To learn more about this phenomenon's molecular mechanisms, they studied the effects of a near-infrared immunotherapy agent called antibody-IR700 on a plate simulating human cancer cells in a petri dish using sophisticated microscopes. The researchers discovered that exposure to near-infrared light causes the immunotherapy agent to change its form from Y-shaped to globular dramatically. When it is embedded in a cancer cell's cell membrane, this warping causes scratches along the cell's protective casing. Once enough scratches occur, liquid bursts through the cell’s membrane, causing the cell to rupture in less than a minute following exposure to the light.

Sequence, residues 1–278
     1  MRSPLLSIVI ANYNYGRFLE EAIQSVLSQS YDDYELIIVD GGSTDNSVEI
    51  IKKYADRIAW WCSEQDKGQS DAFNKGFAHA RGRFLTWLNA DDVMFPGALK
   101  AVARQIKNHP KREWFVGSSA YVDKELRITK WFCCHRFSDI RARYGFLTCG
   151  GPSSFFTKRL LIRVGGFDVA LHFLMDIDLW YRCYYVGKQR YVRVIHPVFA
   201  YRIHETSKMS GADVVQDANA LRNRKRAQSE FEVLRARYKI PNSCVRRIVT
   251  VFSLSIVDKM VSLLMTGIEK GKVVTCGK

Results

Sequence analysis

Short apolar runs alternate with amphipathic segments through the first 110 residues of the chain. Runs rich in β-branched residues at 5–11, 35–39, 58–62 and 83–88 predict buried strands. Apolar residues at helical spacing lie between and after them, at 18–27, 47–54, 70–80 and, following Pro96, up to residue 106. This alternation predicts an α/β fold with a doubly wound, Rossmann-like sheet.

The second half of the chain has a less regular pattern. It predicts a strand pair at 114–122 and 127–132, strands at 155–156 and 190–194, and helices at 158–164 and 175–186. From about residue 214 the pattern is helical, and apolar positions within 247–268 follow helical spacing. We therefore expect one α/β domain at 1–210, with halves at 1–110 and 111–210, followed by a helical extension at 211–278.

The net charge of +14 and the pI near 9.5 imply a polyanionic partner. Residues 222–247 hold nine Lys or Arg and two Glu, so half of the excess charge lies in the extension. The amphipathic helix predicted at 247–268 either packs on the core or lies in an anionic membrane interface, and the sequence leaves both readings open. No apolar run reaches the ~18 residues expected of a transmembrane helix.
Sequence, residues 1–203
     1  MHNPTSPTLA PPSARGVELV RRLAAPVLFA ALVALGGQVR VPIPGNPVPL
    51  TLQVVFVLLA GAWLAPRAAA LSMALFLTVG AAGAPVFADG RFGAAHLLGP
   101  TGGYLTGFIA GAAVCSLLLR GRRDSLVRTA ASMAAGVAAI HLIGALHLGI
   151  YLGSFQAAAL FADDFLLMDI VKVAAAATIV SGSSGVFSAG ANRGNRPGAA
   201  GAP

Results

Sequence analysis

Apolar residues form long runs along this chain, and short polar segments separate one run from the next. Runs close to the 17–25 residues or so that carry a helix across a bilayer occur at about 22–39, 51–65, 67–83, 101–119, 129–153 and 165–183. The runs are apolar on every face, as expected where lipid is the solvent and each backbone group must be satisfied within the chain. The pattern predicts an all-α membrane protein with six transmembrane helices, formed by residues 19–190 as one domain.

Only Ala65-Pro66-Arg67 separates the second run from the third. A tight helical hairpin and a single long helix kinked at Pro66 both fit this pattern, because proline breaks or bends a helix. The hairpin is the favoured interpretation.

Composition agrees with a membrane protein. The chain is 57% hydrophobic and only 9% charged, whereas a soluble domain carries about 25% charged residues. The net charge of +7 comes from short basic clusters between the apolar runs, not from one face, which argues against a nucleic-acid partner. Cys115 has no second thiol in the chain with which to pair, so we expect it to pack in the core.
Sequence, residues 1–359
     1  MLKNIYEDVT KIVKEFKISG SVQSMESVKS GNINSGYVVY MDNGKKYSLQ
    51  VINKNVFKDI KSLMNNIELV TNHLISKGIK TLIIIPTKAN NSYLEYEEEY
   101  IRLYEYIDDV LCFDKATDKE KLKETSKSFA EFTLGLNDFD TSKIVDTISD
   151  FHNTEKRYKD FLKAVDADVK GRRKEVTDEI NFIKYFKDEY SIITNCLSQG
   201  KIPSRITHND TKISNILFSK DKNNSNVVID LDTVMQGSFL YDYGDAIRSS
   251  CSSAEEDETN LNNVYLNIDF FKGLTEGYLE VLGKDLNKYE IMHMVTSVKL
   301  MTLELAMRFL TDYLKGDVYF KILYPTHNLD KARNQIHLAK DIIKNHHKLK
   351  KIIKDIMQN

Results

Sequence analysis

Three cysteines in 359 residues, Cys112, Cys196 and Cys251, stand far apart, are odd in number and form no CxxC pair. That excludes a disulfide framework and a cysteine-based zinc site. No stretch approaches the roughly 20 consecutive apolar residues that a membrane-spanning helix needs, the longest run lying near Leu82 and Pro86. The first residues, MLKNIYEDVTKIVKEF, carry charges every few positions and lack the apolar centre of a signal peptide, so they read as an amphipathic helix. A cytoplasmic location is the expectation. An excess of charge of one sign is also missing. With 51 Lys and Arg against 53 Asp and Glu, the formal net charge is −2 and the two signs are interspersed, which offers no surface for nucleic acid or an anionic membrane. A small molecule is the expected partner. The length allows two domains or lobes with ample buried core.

The researchers also studied this technique in a mouse with multiple tumors, applying different light intensity amounts to each tumor. They found that higher light intensity resulted in more cancer cells being eliminated. In mice, they detected the “leftovers” of the immunotherapy agent in the mouse’s urine just hours after near-infrared light was applied to the cancer site — a strong indication that the cancer cells were killed.

Dr. Kobayashi notes that this technique doesn’t just target cancer cells or boost the immune system to attack cancer cells — it does both. “All the cell’s proteins and even its DNA are exposed to the immune system. The immune system will recognize that [the proteins and DNA are] coming from the dying cell, and then the immune system will react only to the dying cancer cells,” he explains.